01 02 03 04 05 06
    6 4/7 Field Emission Microscopy (FEM)/Field Ion Microscopy (FIM); Atom Probe
    7 4/14 Secondary Ion Mass Spectroscopy (SIMS) 20200418
    [PDF] [quicktime]
    01 02 03 04 05 06 07 08 09 10
    8 4/21 Ion Sources and Mass Spectrometers
    Homework #1 assigned
    9 4/28 Mid-Term Exam;
    Homework #1 due
    10 5/5 Scanning Ion Microscopy (SIM) 20200518
    [PDF] [quicktime]
    01 02 03 04 05 06 07 08 09
    11 5/12 Sputter Depth Profile; Secondary Neutral Mass Spectroscopy (SNMS)
    12 5/19 Other Surface Mass Spectroscopies: Glow-Discharge (GD); (Matrix-Assisted) Laser Desorption and Ionization ((MA)LDI); Laser Ablation (LA) 20200518
    [PDF] [quicktime]
    01 02 03
    13 5/26 Scanning Probe Microscopy (SPM): Scanning Tunneling Microscopy/Spectroscopy (STM/STS) 20200213
    [PDF] [quicktime]
    01 02 03 04 05 06 07 08 09
    14 6/2 SPM: Atomic Force Microscopy (AFM)
    15 6/2 SPM: related techniques and instrument
    Homework #2 assigned
    16 6/9 Final Exam;
    Homework #2 due
    17 6/23 *no class if can finish. scheduled time (150×2 min) distributed to be extra 20 min in each class (20×16=320 min)
    18 6/30

    Rubric

     

     

    Excellent

    Satisfactory

    Needs work

    Surface analysis and surface science

    Sensitivity as a function of spatial resolution

    • Sensitivity of different techniques
    • Strength of different techniques
    • Physical limitation
    • Number of atoms in solid

    None of the above

    Adsorption of molecules on surfaces

    • Collision rate
    • Thermal desorption techniques
    • Mean free path

    None of the above

    Vacuum system

    • Selection of vacuum components
    • Category of vacuum pumps
    • Vacuum gauges

    None of the above

    General considerations

    • Environment and utilities
    • Sample preparation

    None of the above

    Ion Scattering Spectroscopy

    Rutherford Backscattering Spectrometry (RBS)

    • Kinematic factor
    • Central force scattering
    • Depth profiling
    • Quantitative analysis
    • Structural effect on channeling
    • Instrumentation
    • Scattering cross-section
    • Energy loss in solid
    • Channeling

    None of the above

    Low Energy Ion Scattering (LEIS)

    • Two-body scattering
    • Elastic recoil detection analysis

    None of the above

    Nuclear Reaction Analysis (NRA)

    • Depth profiling via resonance
    • Nomenclature

    None of the above

    Ion beam techniques

    Focused Ion Beam (FIB)

    • Field evaporation
    • Parameter for LMIS
    • Ion-neutralization spectroscopy (INS)
    • Focus of ion beam
    • Liquid metal ion source (LMIS)
    • Imaging, deposition, etching operation

    None of the above

    Field Emission Microscopy (FEM)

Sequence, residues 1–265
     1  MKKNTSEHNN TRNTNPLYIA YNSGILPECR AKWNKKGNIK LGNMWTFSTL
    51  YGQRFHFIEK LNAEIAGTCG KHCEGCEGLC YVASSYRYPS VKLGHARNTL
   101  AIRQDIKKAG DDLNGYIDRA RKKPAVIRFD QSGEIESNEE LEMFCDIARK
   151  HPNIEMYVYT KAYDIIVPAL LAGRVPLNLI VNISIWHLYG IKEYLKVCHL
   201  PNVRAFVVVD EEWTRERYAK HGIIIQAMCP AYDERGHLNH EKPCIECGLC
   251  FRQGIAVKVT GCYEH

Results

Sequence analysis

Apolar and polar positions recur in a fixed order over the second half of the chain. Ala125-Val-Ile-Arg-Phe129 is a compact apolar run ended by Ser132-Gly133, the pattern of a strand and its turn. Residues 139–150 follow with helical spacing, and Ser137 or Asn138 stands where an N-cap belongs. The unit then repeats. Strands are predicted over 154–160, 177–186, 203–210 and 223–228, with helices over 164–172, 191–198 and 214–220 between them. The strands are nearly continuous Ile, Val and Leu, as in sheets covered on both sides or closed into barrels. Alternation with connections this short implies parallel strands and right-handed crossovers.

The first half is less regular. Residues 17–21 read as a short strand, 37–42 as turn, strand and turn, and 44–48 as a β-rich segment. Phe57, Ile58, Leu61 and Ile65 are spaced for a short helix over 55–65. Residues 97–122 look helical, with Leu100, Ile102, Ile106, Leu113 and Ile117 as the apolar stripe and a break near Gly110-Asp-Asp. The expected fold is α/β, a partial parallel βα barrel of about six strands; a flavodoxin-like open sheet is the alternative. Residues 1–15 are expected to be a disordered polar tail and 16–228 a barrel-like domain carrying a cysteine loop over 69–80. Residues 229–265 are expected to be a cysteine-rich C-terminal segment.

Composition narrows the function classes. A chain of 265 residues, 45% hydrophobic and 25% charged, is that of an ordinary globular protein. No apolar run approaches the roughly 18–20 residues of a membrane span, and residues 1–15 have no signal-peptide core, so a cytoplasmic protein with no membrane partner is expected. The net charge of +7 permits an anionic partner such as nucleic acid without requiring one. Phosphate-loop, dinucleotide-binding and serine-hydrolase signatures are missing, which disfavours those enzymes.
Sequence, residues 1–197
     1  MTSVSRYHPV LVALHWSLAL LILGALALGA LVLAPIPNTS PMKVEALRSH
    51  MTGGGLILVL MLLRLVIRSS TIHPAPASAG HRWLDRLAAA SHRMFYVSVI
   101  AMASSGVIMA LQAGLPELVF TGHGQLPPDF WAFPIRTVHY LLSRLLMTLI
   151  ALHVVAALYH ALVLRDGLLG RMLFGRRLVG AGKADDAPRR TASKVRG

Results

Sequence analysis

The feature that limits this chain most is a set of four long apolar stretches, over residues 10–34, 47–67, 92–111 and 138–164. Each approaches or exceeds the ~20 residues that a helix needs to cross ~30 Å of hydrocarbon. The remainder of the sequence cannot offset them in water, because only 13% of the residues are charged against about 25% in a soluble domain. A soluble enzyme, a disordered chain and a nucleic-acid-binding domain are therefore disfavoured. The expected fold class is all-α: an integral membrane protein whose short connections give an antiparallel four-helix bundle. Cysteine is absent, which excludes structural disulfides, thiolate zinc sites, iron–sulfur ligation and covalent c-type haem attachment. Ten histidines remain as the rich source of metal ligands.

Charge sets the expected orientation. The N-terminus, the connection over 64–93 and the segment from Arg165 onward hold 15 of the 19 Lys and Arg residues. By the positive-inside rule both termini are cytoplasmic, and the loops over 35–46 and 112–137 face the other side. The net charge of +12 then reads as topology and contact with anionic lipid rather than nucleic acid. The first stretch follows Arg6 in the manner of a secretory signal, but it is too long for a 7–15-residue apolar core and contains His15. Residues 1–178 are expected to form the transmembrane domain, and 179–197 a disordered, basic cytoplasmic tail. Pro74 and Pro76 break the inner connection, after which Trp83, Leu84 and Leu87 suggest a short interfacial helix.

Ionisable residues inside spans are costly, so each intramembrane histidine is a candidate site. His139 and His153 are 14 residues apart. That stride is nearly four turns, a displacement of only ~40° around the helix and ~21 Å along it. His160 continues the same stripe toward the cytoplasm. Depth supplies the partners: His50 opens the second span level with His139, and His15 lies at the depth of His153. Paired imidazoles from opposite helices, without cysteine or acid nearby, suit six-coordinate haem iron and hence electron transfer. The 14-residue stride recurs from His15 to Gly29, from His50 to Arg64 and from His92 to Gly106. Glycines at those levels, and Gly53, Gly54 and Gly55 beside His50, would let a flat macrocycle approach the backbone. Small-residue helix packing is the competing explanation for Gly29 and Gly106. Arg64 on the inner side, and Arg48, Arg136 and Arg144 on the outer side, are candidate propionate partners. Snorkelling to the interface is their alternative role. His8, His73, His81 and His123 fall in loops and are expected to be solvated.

Field Ion Microscopy (FIM)

    • Field emission
    • Field ionization
    • Application of Helium Ion Microscope (HIM)

    None of the above

    Atom Probe

    • Local Electrode Atom Probe (LEAP)
    • Sample preparation
    • Field evaporation

    None of the above

    Sputtering

    • Preferential sputtering
    • Artifacts in sputter depth-profile
    • Parameters that affect sputtering yield
    • Cluster-ion sputtering

    None of the above

    Secondary Ion Mass Spectroscopy (SIMS) and Secondary Neutral Mass Spectroscopy (SNMS)

    • Mass resolution
    • Effect of different primary beam
    • Quantification and matrix effect
    • Scanning Ion Microscope (SIM)
    • Static and dynamic mode
    • Instrumentation
    • Gating
    • Qualitative analysis
    • Isotope operation
    • Depth profile
    • Post-ionization

    None of the above

    Scanning Probe Microscopy (SPM)

    Scanning Tunneling Microscopy (STM)

    • Constant-current mode
    • Constant-height mode
    • Tunneling
    • Instrumentation
    • Imaging of electron density

    None of the above

    Scanning Tunneling Spectroscopy (STS)

    • I(V) mode
    • I(z) mode
    • Polarity at tip

    None of the above

    Atomic Force Microscopy (AFM)

    • Static vs. dynamic
    • Contact vs. non-contact
    • Force curve
    • Tapping operation
    • Lift operation
    • Instrumentation
    • Constant height vs constant force
    • Change in phase and amplitude
    • Force Modulation Microscopy (FMM)

    None of the above

    Various modes of AFM

    • Piezoresponse Force Microscopy (PFM)
    • Scanning Capacitance Microscopy (SCM)
    • Scanning Electrical Potential Microscopy (SEPM)
    •  
    • Electric Force Microscopy (EFM)
    • Magnetic Force Microscopy (MFM)
    • Scanning Near-Field Optical Microscopy (SNOM)
    • Lithography

    None of the above

    Instrumentation and operation considerations

    • Feedback control
    • Effect of probe
    • Artifact of piezo scanner

    None of the above